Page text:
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Influencing Factors on Lifelong Learning and HRD Practices:

Comparison of Seven European Countries

Sally Sambrook

Jim Stewart

Department of HRM
Nottingham Business School
Nottingham Trent University, UK

Paper Presented at the European Conference on Educational Research, Lahti, Finland 22 - 25 September 1999


In this paper, we will describe and report the emerging results of a pan-European research project exploring the connections between HRD practices and lifelong learning in learning orientated organisations. The project is described briefly below. However, the particular focus of the paper is upon one aspect of the research - that is, identifying and exploring factors which influence lifelong learning. Influencing factors were divided into those which inhibit and those which facilitate a learning orientation. One finding of particular interest and potential significance is that the same factors could have both supportive and inhibiting influence. Members from even the same organisation talked about various factors, such as HRD resources and management skills, as either enhancing or inhibiting learning, suggesting the subjectivity of this aspect of the research. Inhibiting factors most commonly cited were: a lack of motivation to engage in either learning processes or new learning tasks; an insufficiently developed learning culture; a lack of clarity on the role of HRD; a lack of financial resources and a lack of time allocated for development. However, these same factors, talked about in positive terms, also facilitated a learning orientation. Also, whilst certain factors appear necessary, they are insufficient for developing a learning organisation. Yet, other factors, although negative, do not appear to prevent organisational learning. These issues are discussed later in the paper.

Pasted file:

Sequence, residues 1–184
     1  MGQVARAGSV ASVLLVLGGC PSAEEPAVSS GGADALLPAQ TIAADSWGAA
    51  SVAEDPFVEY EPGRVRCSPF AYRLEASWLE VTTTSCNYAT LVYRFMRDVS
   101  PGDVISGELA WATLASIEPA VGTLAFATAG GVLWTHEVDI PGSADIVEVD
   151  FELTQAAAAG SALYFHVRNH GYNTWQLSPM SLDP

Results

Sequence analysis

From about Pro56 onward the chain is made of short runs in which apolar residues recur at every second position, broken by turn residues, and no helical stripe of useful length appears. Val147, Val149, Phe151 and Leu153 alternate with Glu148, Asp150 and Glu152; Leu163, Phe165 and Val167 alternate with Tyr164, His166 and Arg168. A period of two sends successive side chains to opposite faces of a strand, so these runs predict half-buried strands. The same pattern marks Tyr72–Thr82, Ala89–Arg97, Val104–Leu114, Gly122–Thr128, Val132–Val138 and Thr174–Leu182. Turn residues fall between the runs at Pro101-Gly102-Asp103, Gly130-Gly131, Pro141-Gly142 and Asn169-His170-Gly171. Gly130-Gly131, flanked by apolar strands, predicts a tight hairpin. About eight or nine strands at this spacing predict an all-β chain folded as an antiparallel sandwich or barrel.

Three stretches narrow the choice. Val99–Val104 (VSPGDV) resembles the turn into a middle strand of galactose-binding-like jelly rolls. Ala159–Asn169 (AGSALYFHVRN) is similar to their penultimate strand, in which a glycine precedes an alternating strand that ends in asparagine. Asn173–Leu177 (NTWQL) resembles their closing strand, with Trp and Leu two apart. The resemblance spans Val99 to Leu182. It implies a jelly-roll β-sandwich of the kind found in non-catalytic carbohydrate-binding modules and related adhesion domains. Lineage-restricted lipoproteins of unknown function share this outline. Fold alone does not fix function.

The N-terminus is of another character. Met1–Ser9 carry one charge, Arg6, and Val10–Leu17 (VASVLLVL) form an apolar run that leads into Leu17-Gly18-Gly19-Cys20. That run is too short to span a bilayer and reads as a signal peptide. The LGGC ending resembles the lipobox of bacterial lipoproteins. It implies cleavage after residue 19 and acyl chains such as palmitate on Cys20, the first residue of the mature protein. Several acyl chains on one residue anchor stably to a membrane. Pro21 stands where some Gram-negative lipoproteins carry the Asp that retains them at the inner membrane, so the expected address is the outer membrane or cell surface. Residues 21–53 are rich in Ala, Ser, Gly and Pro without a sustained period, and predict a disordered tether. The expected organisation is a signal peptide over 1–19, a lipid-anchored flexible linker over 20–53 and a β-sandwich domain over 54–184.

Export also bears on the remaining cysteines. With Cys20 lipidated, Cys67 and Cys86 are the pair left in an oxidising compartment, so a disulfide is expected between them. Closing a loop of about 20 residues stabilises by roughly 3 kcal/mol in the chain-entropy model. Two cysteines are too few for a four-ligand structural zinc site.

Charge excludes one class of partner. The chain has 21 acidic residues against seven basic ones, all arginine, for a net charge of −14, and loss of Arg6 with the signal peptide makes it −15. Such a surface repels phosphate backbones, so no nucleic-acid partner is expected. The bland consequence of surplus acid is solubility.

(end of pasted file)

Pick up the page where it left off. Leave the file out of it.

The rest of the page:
The Project